Court Restores Rights for Lesbian Mother

Affiliate: ACLU of Mississippi
May 5, 1999 12:00 am

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TUPELO, MS — In a reassuring affirmation of the rights of lesbian and gay parents, a chancery court in Mississippi has struck down a discriminatory restriction on a lesbian mother’s right to visit her children, the American Civil Liberties Union said today.

Relying on a little noticed portion of a recent Mississippi Supreme Court decision, Chancellor William Griffin lifted the restriction that prohibited the mother, (referred to by her initials R.M.) from visiting her children “in the presence of any person with whom she engages in homosexual behavior or activity.”

“This ruling shows that the state supreme court’s decision in Weigand v. Houghton has put a stop to these burdensome and degrading visitation restrictions on lesbian and gay parents,” said Leslie Cooper, staff attorney for the ACLU’s Lesbian and Gay Rights Project and R.M.’s counsel.

The Weigand opinion has been widely criticized for affirming a trial court’s decision to leave a child in a violent home rather than grant custody to his gay father. However, in a less publicized portion of the opinion, the Court held that orders prohibiting lesbian and gay parents from visiting with their children in the presence of their same-sex partners are illegal unless there is evidence that the partner’s presence poses a threat of serious harm to the child. Chancellor Griffin did not find that R.M.’s partner posed any harm to the children, and therefore struck down the restriction on R.M.’s visitation.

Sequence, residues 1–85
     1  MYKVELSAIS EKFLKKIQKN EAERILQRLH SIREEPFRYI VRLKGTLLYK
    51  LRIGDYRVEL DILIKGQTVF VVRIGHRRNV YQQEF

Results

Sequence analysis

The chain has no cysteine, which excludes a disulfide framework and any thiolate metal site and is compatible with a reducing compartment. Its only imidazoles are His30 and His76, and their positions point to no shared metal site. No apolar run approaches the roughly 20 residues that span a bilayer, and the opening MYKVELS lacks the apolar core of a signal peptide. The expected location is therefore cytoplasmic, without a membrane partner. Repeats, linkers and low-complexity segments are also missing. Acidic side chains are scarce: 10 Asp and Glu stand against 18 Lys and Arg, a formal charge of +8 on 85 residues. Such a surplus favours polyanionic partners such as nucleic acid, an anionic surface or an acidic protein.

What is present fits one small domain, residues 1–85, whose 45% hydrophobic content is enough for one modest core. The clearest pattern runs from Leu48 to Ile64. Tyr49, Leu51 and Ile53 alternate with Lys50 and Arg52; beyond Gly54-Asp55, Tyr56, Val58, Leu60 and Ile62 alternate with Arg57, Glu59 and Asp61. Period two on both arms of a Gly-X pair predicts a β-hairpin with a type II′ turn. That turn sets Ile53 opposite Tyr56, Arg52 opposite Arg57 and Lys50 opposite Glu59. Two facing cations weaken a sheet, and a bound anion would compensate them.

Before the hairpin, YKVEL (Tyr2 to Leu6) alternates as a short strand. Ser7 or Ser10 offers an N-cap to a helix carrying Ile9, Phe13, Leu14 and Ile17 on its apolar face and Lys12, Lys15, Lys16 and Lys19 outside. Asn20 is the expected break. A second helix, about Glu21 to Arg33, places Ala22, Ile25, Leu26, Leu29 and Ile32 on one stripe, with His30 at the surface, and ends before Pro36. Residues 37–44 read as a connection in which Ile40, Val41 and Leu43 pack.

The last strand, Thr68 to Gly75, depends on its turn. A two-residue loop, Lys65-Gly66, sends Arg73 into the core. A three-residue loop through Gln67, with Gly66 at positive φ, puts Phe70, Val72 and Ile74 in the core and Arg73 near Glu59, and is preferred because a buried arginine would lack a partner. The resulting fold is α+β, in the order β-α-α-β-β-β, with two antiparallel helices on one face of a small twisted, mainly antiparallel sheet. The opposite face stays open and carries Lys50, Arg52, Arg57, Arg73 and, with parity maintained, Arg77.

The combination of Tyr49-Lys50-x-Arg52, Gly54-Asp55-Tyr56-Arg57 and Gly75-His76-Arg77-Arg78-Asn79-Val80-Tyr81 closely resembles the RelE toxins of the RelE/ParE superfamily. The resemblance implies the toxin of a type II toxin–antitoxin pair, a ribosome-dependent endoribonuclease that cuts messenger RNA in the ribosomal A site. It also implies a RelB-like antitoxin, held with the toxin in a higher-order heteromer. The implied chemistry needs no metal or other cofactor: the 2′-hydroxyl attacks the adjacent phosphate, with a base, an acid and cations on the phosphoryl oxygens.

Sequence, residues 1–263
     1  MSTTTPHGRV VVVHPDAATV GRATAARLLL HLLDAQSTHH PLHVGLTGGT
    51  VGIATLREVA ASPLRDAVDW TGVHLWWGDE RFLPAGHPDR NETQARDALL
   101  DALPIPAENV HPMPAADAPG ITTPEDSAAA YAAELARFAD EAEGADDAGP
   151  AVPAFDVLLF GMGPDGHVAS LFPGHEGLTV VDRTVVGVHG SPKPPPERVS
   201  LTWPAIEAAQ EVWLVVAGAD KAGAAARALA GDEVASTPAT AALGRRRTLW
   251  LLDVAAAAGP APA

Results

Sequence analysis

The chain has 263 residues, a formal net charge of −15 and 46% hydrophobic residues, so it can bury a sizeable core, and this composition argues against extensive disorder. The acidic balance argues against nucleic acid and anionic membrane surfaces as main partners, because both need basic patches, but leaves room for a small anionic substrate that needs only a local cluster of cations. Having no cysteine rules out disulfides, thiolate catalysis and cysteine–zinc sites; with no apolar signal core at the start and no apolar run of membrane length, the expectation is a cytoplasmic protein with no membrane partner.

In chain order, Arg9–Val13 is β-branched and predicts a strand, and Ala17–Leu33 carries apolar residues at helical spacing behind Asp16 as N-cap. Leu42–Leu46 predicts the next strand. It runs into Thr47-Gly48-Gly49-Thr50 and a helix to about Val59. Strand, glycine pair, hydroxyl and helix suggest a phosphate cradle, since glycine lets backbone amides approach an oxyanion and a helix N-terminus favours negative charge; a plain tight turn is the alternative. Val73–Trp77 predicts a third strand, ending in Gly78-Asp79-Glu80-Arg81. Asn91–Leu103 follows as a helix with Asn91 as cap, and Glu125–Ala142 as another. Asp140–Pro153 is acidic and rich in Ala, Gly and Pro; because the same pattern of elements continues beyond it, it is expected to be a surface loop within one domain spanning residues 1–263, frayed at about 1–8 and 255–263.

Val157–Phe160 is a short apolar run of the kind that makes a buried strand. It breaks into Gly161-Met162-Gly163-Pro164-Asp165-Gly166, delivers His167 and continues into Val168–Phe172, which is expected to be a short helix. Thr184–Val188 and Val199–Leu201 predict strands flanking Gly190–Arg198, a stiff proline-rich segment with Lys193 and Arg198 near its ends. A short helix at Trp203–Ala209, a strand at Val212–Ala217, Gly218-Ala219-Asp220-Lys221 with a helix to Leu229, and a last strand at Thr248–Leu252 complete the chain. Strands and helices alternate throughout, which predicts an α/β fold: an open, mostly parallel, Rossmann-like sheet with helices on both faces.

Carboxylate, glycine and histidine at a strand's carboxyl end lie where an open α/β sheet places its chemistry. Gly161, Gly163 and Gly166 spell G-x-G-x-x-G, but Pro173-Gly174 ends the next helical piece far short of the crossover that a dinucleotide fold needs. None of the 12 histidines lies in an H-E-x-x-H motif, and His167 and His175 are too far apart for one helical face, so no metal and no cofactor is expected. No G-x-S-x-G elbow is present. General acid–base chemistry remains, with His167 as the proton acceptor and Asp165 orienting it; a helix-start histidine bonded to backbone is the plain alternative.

“We are so relieved by the judge’s ruling because the restriction turned our lives upside down,” said R.M. “My partner and I share a home, which made the restriction especially burdensome. But what was worse was that the children were used to her being around the house, and I didn’t know how to explain to them why she couldn’t be there anymore.”

The ACLU said the ruling was a significant victory not only for gay and lesbian parents, but for the children involved.

“The restriction never served the children’s interests,” said Jack Williams of Dunbar Williams in Oxford, cooperating counsel with the ACLU. “In fact, it did just the opposite. Requiring this mother to keep a significant part of her life hidden from her children created a serious obstacle to the development of healthy mother-child relationships.”

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